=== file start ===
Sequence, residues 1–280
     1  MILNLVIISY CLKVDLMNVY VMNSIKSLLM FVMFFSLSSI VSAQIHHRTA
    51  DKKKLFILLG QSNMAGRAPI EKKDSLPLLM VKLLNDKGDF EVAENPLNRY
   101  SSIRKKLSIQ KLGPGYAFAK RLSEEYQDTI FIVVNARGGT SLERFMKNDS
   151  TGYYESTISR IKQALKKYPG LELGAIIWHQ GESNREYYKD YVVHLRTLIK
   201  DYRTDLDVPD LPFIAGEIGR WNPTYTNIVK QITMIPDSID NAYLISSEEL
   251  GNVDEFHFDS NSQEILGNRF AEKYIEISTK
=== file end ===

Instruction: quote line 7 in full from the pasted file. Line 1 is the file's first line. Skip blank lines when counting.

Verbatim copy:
   251  GNVDEFHFDS NSQEILGNRF AEKYIEISTK